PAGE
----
Should You Get a Pennsylvania Postnuptial Agreement?
Only about 15% of newlyweds sign prenuptial agreements, and postnuptial agreements are even more overlooked. Though this type of marital contract isn’t common, it’s still very useful. To see whether or not a postnuptial agreement is right for you, it’s helpful to learn a little more about how they work in Pennsylvania.
What Is a Postnuptial Agreement?
A postnuptial agreement is any type of marital contract that two spouses sign after they have wed. Often called “a postnup” for short, these contracts let you determine how marriage or divorce will affect your financial assets. Depending on the type of postnuptial agreement you sign, it might discuss the following topics:
- What property is marital property and what is separate property
- How much maintenance or allowance each spouse gets from joint marital bank accounts
- Who gets certain items in the event of a death or divorce
- Which party pays for extra expenses like children’s college
Unlike a prenuptial agreement, you can sign a postnuptial agreement at any time. Many people draft them after major life changes like quitting a job, starting a business, or having a child. If desired, you can also create one simply because you forgot to do a prenup and would like to define your finances a little more clearly.
Benefits of Postnuptial Agreements
The main benefit of a postnuptial agreement is that it clears up any potential disagreements that could arise in the event of a divorce. With a postnup in place, people are less likely to bicker about asset division once strong emotions are involved. It can reduce your need for divorce lawyers and ensure that you spend less time in divorce court.
Some couples start discussing postnuptial agreements because they’re considering splitting up, but sometimes, it is simply a safety measure. For example, if a person starts a business, their business partner might ask them to sign a postnup to ensure that their spouse won’t get involved in the business if a divorce happens.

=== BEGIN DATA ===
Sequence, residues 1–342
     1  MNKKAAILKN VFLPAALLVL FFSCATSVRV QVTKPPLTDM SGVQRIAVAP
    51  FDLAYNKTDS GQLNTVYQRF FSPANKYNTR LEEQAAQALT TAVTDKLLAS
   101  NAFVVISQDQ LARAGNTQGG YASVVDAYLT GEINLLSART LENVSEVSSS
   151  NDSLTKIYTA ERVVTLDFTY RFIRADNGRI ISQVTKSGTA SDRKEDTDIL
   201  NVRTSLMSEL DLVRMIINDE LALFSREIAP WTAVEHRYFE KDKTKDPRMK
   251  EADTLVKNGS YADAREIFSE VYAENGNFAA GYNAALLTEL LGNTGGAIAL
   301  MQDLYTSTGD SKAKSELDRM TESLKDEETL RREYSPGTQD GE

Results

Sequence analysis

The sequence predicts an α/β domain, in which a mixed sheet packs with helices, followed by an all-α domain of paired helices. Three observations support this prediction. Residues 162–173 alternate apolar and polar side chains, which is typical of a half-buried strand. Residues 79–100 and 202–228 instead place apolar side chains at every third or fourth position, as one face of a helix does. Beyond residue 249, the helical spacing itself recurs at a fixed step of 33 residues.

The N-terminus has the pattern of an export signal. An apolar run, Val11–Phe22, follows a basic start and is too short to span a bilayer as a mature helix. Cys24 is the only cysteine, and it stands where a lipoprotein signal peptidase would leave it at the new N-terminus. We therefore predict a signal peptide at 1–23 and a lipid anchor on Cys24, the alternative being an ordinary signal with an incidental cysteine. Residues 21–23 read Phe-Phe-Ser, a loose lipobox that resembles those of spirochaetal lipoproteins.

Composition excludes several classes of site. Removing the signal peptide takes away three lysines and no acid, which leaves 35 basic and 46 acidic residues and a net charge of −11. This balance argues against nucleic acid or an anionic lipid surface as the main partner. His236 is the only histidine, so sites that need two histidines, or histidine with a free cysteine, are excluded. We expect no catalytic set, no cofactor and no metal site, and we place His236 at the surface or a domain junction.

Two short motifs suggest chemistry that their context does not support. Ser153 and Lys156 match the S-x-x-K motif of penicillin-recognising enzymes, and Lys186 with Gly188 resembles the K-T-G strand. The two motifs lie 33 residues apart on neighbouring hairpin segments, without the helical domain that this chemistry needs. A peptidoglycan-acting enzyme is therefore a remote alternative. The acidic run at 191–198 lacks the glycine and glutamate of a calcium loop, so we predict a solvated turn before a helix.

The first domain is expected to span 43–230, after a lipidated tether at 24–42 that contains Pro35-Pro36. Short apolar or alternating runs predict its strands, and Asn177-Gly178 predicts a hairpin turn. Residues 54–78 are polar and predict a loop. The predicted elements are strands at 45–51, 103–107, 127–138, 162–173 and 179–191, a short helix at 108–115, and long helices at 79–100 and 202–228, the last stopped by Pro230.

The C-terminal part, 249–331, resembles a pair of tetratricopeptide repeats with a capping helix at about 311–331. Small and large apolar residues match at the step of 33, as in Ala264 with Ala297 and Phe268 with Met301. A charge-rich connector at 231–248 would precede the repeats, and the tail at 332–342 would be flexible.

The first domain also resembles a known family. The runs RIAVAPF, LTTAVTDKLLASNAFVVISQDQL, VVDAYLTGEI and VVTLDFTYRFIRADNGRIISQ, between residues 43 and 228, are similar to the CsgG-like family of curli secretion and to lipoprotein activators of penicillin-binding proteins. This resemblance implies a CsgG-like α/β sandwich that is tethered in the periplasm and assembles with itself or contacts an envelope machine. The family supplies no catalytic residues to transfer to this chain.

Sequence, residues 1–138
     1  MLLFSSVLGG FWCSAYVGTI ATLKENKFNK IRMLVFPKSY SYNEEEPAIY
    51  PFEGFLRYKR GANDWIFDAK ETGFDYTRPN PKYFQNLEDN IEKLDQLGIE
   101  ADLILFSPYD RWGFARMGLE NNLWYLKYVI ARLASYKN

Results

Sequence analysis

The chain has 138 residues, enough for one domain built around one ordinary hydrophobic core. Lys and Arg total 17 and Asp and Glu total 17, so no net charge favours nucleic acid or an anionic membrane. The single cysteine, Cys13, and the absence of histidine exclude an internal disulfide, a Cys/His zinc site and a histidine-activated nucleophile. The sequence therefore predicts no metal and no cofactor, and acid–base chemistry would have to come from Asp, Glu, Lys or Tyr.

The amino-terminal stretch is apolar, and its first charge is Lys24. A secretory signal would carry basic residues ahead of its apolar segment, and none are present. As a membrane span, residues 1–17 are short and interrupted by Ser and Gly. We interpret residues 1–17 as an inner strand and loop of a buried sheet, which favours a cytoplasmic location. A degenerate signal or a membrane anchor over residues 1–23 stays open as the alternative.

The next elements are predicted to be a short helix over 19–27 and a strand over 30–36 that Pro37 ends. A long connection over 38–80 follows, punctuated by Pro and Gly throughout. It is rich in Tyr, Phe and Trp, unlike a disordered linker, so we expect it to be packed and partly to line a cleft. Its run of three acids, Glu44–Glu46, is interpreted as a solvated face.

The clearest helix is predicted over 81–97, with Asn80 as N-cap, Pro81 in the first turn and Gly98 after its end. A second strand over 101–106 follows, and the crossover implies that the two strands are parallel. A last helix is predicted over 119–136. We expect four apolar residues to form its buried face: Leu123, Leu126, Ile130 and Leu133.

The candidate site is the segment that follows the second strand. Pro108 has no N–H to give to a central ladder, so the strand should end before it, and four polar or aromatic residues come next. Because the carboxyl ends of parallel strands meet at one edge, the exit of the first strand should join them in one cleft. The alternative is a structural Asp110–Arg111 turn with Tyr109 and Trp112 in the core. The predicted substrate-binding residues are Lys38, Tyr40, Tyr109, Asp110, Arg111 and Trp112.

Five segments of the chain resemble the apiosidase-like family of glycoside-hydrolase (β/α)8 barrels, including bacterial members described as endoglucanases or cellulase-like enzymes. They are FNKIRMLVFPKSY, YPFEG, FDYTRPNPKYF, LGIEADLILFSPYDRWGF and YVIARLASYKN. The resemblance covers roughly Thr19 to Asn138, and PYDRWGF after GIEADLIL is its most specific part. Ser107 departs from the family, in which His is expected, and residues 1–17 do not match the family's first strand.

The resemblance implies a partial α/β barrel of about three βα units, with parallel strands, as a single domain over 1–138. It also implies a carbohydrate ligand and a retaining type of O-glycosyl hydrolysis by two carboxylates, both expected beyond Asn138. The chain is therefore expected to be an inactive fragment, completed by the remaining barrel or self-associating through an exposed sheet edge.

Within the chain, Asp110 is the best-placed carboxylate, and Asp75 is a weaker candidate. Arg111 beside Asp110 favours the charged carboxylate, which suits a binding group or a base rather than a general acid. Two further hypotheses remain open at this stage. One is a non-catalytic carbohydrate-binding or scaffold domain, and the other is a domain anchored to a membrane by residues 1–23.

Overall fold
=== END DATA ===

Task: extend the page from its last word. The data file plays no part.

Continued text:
Another advantage of getting a postnup in Pennsylvania is its flexibility. When you create a prenup, you still have a lot of major life events ahead of you. However, since a postnuptial agreement doesn’t have to be signed before a wedding, it can more easily accommodate big changes. For example, if a couple unexpectedly inherits a number of family heirlooms years into the marriage, a postnup can ensure the heirlooms remain with the right side of the family. You can easily change and adjust postnuptial agreements to account for things like new children or a big real estate purchase.
How to Create a Valid Postnup in Pennsylvania
Postnuptial agreements in Pennsylvania are a little different than postnups or prenups in other parts of the country. Instead of seeing them as their own separate type of contract with unique rules, Pennsylvania mostly just treats postnups like a straightforward contract. Even things like an unfair division of assets are allowed in Pennsylvania postnups. As long as it is written out, signed by both spouses, and notarized, it’s a valid marital contract.
The main thing to keep in mind is just that the contract cannot be signed under fraudulent circumstances or duress. Furthermore, it cannot determine things like child support and custody, which will be left up to the state in the event of a divorce. The final thing to know is that postnups cannot include unenforceable clauses about a person’s right to bodily autonomy and personal freedom, so you can’t use it to determine things like what religion you follow or who does the dishes each night.
If you’re considering a postnuptial agreement, turn to the Law Office of Joanne Kleiner. In addition to postnups and prenups, we also provide assistance with other family law matters like child custody, spousal support, and divorce mediation. To learn more about our services or hire a Jenkintown divorce lawyer, call 215-886-1266 or fill out our contact form.